Science History

Harvard Divinity School Professor Karen L. King believes that an ancient Coptic fragment, the first-known explicit reference to a married Jesus Christ, is authentic, and supports the argument with an article in Harvard Theological Review.

The fragment, announced at the International Coptic Congress in Rome in 2012, contains a dialogue between Jesus and his disciples in which Jesus speaks of “my wife” and so it was informally given the title The Gospel of Jesus's Wife.

Here is the translation:

In 2011, Rice Religious Studies graduate student Grant Adamson was doing a summer internship at Brigham Young University and tackled something that no one had been able to do in a hundred years - he deciphered 1,800-year-old letter from an Egyptian solider serving in a Roman legion in Europe.

While young people always think their situation is exceptional and previous generations just don't understand, the letter shows the Roman soldier had many feelings similar to what some soldiers feel today.


We all know the story of Albert Einstein’s “cosmological constant,” or lambda, which he invented, then retracted in shame ("Then away with the cosmological constant!"), and then in 1998, with the discovery of the accelerating expansion of the universe, it came back with a vengeance as the mathematical representation of 'dark matter'.&n

Alchemy, which most people have at least heard of, along the lines of 'the quest to turn lead into gold', is getting rehabilitated. In one paper, anyway.

Alchemy, like chemistry, had 'chem' at its core. Chem derives from Khem ('black land'), which was the name for what we call Egypt, due to the dark alluvial soil provided by the flooding Nile each year. Egypt was well known to Greeks and Romans but it wasn't until the 8th century that Arab Muslims, having conquered it in the previous century, re-introduced the science from their new state to Europe, a state which they called Al-Khem. This science believed that metals were composed of sulfur and mercury. Gold was the perfect metal and a Philosopher's Stone could transmute baser metals into it.
A forensic team has tackled a famous case from 1930 - the ‘Blazing Car Murder’ , which sounds like it came right out of the plot of a Sherlock Holmes novel.

On November 6th, 1930, a man was murdered in a car fire in in Hardingstone, Northamptonshire. Alfred Rouse was convicted of the crime and hanged at Bedford Gaol in March 1931. Home Office-appointed pathologist Bernard Spilsbury and another local pathologist, limited by the science and technology of their day, were unable to identify the victim due to the burns, but they reported that lavender colored material and light brown hair were found at the scene and they wrote that the victim’s jawbone was removed to assist with possible identification and tissue samples taken for microscopical examination.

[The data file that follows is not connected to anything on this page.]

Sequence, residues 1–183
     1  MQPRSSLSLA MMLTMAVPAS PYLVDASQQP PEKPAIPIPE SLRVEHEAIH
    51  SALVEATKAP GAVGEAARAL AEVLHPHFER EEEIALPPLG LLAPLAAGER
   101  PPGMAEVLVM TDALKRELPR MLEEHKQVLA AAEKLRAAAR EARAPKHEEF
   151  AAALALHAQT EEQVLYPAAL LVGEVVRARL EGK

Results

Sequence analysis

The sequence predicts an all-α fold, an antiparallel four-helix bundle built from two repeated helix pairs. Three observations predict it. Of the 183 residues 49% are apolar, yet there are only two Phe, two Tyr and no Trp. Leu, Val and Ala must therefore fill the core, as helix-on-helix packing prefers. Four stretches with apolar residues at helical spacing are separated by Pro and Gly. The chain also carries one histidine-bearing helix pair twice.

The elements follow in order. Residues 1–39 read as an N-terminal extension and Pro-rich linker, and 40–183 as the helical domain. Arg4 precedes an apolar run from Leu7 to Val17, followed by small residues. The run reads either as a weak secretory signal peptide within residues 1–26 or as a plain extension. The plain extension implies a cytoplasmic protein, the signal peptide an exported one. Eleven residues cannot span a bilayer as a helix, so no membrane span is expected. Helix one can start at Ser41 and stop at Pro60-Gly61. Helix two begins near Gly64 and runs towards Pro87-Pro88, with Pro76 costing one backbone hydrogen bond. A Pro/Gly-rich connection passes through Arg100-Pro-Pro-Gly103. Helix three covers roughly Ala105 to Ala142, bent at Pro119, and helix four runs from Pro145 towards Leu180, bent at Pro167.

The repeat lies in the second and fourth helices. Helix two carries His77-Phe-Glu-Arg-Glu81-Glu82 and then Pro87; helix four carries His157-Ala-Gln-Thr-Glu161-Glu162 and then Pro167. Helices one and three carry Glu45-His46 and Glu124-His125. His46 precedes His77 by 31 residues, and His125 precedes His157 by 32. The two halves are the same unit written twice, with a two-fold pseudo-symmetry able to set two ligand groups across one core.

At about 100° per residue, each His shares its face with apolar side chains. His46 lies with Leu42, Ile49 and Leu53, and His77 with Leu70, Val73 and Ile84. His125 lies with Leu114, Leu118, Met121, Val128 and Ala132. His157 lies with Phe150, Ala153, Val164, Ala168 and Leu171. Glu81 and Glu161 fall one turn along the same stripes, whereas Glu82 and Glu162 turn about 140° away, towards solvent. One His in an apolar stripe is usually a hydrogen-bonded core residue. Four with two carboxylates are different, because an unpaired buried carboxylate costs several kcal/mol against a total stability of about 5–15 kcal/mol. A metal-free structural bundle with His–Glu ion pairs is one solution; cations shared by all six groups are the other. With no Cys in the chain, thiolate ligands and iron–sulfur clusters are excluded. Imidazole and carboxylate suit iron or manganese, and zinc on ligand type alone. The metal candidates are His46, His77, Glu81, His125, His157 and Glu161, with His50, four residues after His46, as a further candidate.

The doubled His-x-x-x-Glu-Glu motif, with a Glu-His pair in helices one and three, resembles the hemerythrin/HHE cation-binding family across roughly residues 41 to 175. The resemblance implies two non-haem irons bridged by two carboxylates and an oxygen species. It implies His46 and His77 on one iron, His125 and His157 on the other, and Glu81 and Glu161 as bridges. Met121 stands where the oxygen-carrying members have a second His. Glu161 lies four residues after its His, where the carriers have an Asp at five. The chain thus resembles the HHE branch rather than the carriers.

The Battle of Raphia occurred in 217 BC near modern Rafah during the Syrian Wars. It was documented by Polybius and the orders of battles listed tens of thousands of foot soldiers, thousands of cavalry and elephants on both sides, making it the only known battle between Asian and African elephants. 


In 1855, a specimen of the brain of mathematician Carl Friedrich Gauss was taken and preserved. But the over 150-year-old slice of his brain, which scientists had long been examining in the belief that it was Gauss's brain, turns out to not be his brain at all.

Instead, the preserved specimens of the brains of Gauss and Göttingen physician Conrad Heinrich Fuchs, a medical scholar and founder of the University of Göttingen's anatomical pathology collection, were switched, probably soon after the death of both men in 1855, says  Renate Schweizer, a neuroscientist at Biomedizinische NMR Forschungs GmbH at the Max Planck Institute for Biophysical Chemistry.


Technology may not seem like more of a woman's world than science, but in some ways it is - Ada Lovelace is revered by computer programmers and is well-known in popular culture, while Laura Bassi, the first women to forge a professional scientific career, is basically unknown outside physics.

Laura Bassi was born in Bologna in 1711 and rose to celebrity status across the globe, gaining a reputation as being the best physics teacher of her generation and helping to develop the discipline of experimental physics.She was the "woman who understood Newton", even more of a fascination then because so few men in science understood Newton.


A few days ago, I was watching an episode of the Antiques Roadshow.  People were bringing their treasured objects for expert examination to the grounds of a stately house in St Ives, Cambridgeshire.  The items included an early pocket calculator by Sinclair (made locally), and a traction engine arrived in full steam.  But my ears really pricked up when a valuable jug bought for a fiver (in today’s money, perhaps $50) was identified as a Bellarmine Jug


Amy Harmon's excellent, recent article in the New York Times describes how the Florida orange juice industry may soon be wiped-out because of a new bacterial disease spread by an introduced insect.  It looks like there could be a technology-fix for the problem using genetic engineering.  The question is whether the growers will get to apply that solution.